Two billboards addressing U.S. Sen. Raphael Warnock have been placed in his hometown of Savannah asking him to incentivize “crops not cattle” in order to reduce greenhouse gas emissions. The billboards are sponsored by the Physicians Committee for Responsible Medicine, a nonprofit health organization of 17,000 total physicians, 303 of which are from Georgia. The group is advocating for state and federal governments to help cut emissions of methane, a potent greenhouse gas, by reducing the presence of industrial animal agriculture. In 2019, animal agriculture was responsible for 10% of total U.S greenhouse gas emissions, according to the EPA. The nonprofit argues that in order to curb emissions and subsequent impacts from climate change, animal agriculture must be replaced by plant-based foods. Some scientists say that keeping some grazing populations of cows is key to a healthy ecosystem, since grazing improves soil health and increases the amount of carbon dioxide soil can pull from the air. 

“Since Senator Warnock is a member of the U.S. Senate Committee on Agriculture, Nutrition, and Forestry, the Physicians Committee is asking him to assist farmers who wish to grow crops like pecans or peaches while phasing out livestock production,” said Susan Levin, MS, RD, director of nutrition education for Physicians Committee, in a press release.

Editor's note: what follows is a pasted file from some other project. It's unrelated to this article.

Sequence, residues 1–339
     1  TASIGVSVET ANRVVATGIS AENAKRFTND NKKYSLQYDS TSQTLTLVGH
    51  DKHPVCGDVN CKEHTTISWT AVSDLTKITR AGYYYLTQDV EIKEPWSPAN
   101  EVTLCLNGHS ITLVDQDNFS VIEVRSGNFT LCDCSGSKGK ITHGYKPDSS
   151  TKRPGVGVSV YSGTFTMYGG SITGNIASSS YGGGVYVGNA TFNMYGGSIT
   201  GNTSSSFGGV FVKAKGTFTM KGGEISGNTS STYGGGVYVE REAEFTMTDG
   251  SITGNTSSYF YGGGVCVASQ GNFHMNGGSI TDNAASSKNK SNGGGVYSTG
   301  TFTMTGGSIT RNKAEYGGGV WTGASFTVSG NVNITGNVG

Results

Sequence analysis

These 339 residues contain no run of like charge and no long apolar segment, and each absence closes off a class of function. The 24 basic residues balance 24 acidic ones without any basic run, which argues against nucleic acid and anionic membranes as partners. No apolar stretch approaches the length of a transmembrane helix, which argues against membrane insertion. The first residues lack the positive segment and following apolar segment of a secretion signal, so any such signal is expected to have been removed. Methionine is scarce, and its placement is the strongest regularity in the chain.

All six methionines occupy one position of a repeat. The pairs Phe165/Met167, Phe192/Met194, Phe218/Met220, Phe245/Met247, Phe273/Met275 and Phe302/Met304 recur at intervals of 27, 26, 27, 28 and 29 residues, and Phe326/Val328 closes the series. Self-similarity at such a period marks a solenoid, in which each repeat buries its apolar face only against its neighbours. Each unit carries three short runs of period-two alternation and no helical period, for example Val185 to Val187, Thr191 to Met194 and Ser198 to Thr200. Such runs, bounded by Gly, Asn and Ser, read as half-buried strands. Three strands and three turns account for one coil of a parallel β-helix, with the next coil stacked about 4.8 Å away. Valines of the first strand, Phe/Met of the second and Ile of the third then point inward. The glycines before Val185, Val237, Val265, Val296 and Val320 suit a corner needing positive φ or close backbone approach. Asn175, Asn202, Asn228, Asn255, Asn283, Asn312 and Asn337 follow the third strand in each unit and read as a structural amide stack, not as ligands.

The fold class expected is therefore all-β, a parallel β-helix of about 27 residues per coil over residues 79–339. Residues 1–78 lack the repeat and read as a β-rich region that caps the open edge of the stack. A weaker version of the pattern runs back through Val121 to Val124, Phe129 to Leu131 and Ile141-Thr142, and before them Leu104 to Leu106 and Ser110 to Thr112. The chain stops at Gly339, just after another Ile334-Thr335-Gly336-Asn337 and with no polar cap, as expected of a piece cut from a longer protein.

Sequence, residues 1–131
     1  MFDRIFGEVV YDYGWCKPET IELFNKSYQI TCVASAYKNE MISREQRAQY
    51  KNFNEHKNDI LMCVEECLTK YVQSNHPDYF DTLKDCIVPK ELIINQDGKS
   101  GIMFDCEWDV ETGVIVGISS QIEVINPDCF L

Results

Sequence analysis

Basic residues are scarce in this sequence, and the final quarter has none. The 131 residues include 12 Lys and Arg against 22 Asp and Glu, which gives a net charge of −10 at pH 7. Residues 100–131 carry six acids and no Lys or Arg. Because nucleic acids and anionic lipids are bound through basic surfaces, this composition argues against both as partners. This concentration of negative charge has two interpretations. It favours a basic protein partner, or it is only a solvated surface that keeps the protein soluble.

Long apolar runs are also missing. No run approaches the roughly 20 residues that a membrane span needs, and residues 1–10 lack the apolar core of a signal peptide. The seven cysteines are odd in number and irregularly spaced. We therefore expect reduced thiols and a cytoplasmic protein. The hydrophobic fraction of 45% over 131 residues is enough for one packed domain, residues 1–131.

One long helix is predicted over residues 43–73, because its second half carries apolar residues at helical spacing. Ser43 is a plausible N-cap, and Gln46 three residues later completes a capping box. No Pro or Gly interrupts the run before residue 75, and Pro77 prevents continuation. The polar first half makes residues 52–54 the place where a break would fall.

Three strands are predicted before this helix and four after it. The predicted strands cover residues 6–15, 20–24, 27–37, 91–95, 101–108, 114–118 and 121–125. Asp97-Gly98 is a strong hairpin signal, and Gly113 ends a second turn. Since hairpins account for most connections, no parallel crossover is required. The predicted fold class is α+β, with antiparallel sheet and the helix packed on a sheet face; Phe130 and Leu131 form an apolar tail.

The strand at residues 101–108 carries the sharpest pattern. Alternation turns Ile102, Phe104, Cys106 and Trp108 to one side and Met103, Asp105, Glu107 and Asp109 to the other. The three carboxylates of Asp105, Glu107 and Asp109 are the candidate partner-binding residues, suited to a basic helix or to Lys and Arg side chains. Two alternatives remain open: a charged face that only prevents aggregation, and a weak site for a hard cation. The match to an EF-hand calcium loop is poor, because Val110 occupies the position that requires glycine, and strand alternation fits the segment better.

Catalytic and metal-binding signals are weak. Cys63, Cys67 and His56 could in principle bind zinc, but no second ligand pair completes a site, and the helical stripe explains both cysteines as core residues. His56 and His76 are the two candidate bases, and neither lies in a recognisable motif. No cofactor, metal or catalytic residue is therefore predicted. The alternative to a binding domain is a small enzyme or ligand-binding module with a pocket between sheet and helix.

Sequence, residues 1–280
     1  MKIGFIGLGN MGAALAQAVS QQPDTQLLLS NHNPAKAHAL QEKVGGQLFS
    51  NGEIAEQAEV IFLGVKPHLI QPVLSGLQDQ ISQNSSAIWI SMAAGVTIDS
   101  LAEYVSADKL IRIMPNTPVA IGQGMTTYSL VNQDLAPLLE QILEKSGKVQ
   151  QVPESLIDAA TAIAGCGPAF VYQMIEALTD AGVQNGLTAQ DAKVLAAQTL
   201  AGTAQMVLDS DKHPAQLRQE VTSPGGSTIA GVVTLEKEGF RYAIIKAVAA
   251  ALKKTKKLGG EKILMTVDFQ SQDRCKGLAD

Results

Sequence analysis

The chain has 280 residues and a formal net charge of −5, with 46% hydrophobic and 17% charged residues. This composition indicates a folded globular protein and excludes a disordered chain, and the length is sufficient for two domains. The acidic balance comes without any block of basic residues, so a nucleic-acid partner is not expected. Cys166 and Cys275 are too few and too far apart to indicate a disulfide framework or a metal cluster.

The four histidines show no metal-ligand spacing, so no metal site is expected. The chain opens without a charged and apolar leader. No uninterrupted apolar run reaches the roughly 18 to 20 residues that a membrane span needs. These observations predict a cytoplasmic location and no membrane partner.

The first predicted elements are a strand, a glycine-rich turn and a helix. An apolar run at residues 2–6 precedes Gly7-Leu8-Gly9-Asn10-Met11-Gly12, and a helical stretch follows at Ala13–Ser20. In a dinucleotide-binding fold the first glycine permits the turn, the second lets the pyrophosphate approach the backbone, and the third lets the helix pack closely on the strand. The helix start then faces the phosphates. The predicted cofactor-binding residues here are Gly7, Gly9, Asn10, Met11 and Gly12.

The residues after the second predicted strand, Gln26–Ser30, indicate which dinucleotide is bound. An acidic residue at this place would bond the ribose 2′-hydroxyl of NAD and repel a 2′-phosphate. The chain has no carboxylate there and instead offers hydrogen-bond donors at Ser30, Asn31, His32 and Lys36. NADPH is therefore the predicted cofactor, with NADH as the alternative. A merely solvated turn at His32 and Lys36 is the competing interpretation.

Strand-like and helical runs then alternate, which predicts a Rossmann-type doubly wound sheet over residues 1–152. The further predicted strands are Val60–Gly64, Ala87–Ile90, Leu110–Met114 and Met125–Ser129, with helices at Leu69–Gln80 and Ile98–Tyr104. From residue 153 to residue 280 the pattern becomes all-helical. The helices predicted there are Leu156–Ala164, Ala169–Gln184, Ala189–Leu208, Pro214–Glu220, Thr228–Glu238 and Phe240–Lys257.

Georgia’s Environmental Protection Division has issued the first proposed permit allowing Georgia Power to move forward with plans to leave over 1 million tons of coal ash in an unlined pit at Floyd County’s Plant Hammond near the Coosa River, the Georgia Recorder reports. The state is now seeking public input. The permit is one in a series of decisions that will be made for four other plants across the state, including two much larger ponds holding 16 million tons of coal ash each. The coal ash at all five of the plants is sitting in groundwater, raising concerns from environmentalists about drinking water quality, but the EPD says there will be a robust groundwater monitoring system in place at the ponds. Here’s the link with information on how to submit your thoughts.

SHIP WATCH: What’s arriving and when. This week’s lineup includes the Hyundai Victory, arriving on Aug. 16. It’s 1199 feet long and 160 feet wide, and it carries 13,100 TEUs, aka containers, according to VesselTracker.com.

For the past few weeks, this newsletter has been produced by Summer Reporting Fellow Kayla Guilliams. She’ll be headed back to the University of North Carolina to complete her master’s degree this week.

State regulators poised to set Georgia Power’s toxic coal ash storage legacy

Georgia’s Environmental Protection Division has issued the first proposed permit allowing Georgia Power to press forward with plans to leave more than 1 million tons of coal ash in an unlined pit at Floyd County’s Plant Hammond near the Coosa River. it would be one of 4 locations to be permitted.

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Golden Ray oil spill concerns environmentalists

Crews have been working since Saturday to clean up a discharge of oil from the capsized Golden Ray off St. Simons Island, a spill that has prompted concerns from environmentalists about the potential impacts on the coast.

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Ship Watch

This week’s scheduled vessels for Georgia Ports Authority.

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High-tide flood risk is accelerating, putting coastal economies at risk

Areas at risk from sea level rise have seen drops in property values, particularly where cities and homeowners haven’t taken steps to increase flood resilience. Insurance premiums are beginning to increase to reflect actual risk, and bond ratings are increasingly tied to community resilience efforts.